How to Fund Your Expat Life | So you want to be an expat: travel the world, find new friends, immerse yourself in a foreign language. But how can you actually make a living?
By Ryan Murdock
One of the biggest challenges when it comes to expat living is figuring out how to fund your lifestyle. In my opinion, the absolute best method is to create a portable occupation. But maybe I feel that way because this is the route I took. And to be honest, I stumbled upon it by accident.
Before I started my business, I was trapped in a country and city I didn’t want to live in. I had no savings, and I was basically unemployable by the standards of anyone who would hire me. And I didn’t want to work for them anyway because I hated the 9-to-5 treadmill.
I was earning a little money from my writing, but we were still living on my wife’s salary as a translator in the automotive industry. Payment for freelance work was irregular at best, and I needed money to pay some bills. Badly. By the middle of next week. And I had no idea how I was going to get it.
Know what I did? I drew on everything I learned in my 20-plus years of martial arts training. It was the only other thing I could consider myself a legitimate “expert” in.
I drove over to Future Shop and bought a mini-DV video camera and some editing software with my credit card. Then I sat down with a paper and pencil and wrote a list of every crazy push up variation I could think of. I got on the floor and made up a bunch of new ones too.
I filmed it all as a 25-minute tutorial, named it Beyond Pushups, uploaded it to a website called E-Junkie, and linked it to my PayPal account. And then I posted a teaser and description of my program on a fitness forum where I was a certified coach, and I emailed the link to everyone I knew.
I set the price at $10. My wife didn’t think I’d even be able to pay for the camera. She gave me a smug look and said, “And then what are you gonna do?”
I plugged my ears and went to bed. And when I woke up the next morning, I had $1,000 in my PayPal account. I paid off the camera and software immediately, and still made a nice little profit.
That little online project grew into several more video tutorials. And then a multimedia e-book. And then much larger projects with a coauthor who eventually became my business partner.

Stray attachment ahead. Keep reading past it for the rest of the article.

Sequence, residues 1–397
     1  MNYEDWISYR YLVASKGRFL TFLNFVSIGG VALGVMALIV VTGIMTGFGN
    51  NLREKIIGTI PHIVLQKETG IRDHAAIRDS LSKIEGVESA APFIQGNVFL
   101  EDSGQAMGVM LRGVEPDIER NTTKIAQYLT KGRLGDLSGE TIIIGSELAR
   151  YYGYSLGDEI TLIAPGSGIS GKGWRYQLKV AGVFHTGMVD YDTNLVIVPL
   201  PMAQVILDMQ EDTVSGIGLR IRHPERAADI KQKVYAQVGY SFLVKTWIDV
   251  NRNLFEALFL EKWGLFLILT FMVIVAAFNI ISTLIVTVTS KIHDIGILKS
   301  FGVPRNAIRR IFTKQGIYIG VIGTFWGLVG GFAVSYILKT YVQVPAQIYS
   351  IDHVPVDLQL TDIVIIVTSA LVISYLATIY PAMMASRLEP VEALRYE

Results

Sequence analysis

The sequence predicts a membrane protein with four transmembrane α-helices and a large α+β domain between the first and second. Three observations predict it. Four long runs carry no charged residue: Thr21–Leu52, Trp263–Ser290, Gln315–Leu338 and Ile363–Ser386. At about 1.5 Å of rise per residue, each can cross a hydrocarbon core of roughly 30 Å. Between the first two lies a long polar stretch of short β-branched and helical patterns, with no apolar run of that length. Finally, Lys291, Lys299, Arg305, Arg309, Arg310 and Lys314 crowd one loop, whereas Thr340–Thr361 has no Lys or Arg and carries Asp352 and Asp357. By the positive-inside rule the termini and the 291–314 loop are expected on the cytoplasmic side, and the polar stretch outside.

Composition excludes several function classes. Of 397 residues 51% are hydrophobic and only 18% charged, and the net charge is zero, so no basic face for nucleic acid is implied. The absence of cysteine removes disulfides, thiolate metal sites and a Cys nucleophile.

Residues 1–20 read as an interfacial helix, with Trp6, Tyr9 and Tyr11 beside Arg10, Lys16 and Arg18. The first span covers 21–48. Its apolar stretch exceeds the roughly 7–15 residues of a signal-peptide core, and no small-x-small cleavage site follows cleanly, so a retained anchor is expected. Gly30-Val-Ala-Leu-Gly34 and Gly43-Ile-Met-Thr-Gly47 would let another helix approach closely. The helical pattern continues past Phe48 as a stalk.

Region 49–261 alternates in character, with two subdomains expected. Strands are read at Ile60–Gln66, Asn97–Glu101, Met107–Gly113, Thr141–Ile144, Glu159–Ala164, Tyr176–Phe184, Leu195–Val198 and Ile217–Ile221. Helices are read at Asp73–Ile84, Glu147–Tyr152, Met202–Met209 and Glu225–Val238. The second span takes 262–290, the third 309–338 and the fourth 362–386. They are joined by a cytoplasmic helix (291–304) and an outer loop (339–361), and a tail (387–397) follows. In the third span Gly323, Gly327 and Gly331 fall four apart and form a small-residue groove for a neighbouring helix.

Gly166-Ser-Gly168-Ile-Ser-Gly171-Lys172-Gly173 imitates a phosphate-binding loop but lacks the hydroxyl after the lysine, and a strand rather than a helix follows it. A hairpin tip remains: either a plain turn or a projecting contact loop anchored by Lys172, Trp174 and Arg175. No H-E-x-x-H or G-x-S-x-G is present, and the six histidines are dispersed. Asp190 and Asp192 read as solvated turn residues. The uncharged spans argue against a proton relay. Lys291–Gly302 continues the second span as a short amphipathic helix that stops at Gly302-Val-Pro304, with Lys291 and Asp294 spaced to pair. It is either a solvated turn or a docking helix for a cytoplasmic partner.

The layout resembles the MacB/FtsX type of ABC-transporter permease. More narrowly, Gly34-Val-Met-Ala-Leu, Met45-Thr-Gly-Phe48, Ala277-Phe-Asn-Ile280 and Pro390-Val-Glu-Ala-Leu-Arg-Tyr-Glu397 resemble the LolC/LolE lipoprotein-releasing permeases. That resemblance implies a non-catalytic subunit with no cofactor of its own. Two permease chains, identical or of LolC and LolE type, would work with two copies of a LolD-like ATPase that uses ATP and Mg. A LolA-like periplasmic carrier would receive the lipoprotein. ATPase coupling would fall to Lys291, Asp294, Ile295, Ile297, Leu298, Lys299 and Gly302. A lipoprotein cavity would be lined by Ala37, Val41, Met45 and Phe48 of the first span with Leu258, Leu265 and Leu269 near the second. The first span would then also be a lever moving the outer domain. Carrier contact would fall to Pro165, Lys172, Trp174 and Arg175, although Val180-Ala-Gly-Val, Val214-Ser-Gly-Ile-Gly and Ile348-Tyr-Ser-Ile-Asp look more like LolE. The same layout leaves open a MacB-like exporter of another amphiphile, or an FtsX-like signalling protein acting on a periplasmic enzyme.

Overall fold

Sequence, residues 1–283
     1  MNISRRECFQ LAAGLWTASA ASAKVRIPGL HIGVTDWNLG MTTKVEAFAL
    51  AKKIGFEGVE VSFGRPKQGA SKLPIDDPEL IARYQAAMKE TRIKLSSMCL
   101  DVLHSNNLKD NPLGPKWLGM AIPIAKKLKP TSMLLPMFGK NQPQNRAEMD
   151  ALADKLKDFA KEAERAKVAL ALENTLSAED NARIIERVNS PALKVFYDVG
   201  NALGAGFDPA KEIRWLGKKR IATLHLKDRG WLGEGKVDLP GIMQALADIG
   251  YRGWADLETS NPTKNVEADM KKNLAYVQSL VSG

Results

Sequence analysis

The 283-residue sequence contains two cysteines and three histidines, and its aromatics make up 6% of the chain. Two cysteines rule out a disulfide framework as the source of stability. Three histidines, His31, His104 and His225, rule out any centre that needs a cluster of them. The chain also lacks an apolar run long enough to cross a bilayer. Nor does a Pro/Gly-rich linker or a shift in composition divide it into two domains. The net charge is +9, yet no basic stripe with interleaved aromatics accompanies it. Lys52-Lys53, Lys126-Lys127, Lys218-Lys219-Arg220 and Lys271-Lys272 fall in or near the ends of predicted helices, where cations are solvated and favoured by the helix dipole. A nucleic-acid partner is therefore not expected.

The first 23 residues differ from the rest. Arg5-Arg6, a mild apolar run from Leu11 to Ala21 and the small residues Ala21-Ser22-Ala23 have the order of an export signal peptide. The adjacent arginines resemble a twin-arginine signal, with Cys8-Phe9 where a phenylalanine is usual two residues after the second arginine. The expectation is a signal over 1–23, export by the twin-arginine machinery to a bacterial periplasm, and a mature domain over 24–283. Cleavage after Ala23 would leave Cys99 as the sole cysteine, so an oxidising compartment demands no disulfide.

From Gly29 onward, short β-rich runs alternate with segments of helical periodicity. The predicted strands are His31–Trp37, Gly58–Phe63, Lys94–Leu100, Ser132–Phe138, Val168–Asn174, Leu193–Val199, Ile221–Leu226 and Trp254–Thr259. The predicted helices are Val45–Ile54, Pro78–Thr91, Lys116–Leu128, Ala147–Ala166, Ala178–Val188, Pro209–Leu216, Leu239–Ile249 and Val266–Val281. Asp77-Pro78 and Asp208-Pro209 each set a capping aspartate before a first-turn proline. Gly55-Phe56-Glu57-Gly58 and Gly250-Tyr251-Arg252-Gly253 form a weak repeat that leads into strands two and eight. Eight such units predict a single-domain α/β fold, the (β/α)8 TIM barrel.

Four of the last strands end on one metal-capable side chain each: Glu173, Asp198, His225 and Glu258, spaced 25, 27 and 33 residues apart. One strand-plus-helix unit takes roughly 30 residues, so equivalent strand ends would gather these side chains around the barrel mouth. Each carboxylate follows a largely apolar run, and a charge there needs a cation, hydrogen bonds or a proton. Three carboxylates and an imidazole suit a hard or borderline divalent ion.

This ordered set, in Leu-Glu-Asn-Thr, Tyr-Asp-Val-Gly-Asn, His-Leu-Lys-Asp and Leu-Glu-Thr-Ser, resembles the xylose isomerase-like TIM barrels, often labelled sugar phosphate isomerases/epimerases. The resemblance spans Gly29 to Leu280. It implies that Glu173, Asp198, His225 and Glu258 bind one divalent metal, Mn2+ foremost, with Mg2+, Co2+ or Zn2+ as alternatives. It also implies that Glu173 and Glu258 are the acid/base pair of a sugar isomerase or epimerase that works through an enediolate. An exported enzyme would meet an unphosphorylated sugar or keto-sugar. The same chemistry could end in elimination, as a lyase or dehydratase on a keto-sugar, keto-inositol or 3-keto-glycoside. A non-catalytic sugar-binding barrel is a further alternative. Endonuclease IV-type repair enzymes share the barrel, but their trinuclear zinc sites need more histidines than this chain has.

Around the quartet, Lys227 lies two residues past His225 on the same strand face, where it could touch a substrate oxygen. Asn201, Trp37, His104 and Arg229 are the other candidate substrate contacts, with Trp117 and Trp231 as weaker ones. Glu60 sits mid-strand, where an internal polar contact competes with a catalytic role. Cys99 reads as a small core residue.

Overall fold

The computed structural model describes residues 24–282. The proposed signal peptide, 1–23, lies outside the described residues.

Today, that same partner and I run ShapeShifter Media Inc. We sell fitness programs through blogs and by email, and we help other authors publish their work in the online marketplace too. We have team members in nine countries. Each is an independent contractor who works from home and sets their own schedule.
A company like this is all-consuming for the first two or three years. We started it with pocket change and did everything ourselves. There were no weekends or evenings off. But with each new virtual employee, we were able to spend more time focusing on those crucial tasks that required our unique talents.
So what’s the takeaway message here for expat living?
These days I can run the business from anywhere with a decent Internet connection, and an average of three to four hours of focused work per day. That means I’m free to spend the rest of my time exploring exotic destinations, chatting in cafes or just loafing on a Mediterranean beach.
It takes a bit of advanced planning to set up that sort of expat income. But in my opinion, it’s the best option.
Relying on a portable occupation—preferably an Internet business of some kind—means that you won’t be tied to the local economy. And there are positive and negative implications to this.
On the positive side, you won’t have to worry about work visas, or finding a job, or doing the 9-to-5 grind. If you don’t like the place you’re living, you can pick up and go at a moment’s notice. You can even keep moving and work from hotels if that’s your thing.
And you can live in a place where your currency and purchasing power is stronger—which means you live like the upper classes on a fraction of what that would cost back home.
The biggest negative implication with currency is that this may work in reverse. I get paid in US dollars from my business, but I’m living in euros. So in addition to many things costing more on an island, I also take a hit on the exchange rate each time I send myself cash. But, for now at least, I feel the tradeoffs of living on a Mediterranean island are worth it.
So what can you do if you haven’t got a portable job or income stream or a teachable skill, and don’t really want to create one?
You could try to find employment in the tourism industry. If you’re a chef or bartender, or if you’re a certified scuba instructor you’re likely in demand abroad.
You might check to see if you qualify for a working holiday program. Many Commonwealth countries have them, and they’re open to Canadians. This is a special type of visa that allows you to supplement your income while travelling. It’s normally restricted to those 30 years old and under, and it’s a short-term option for those who are moving around temporarily, rather than someone intent on settling down as an expat. But it might be a good way to test the waters, make contacts in the country, and get your foot in the door.
You could also earn money by teaching English abroad. I did that last one for a couple of years when I was looking for an easy way to live in Japan. The main qualification is that you’re a native English speaker.
Most companies require some sort of TESOL or TEFL certification—I got mine at a three-day weekend course. And countries like Japan require a university degree to qualify for a work visa. Others do not require university or college as a qualification.
Just remember though: you’re signing up for a job, not a vacation. You do have to take it seriously. If that’s not for you, it’s better to save a pile of cash and take a long trip instead.
Expat living is a lot more flexible than it used to be, thanks to the Internet. The possibilities are as limitless as your imagination.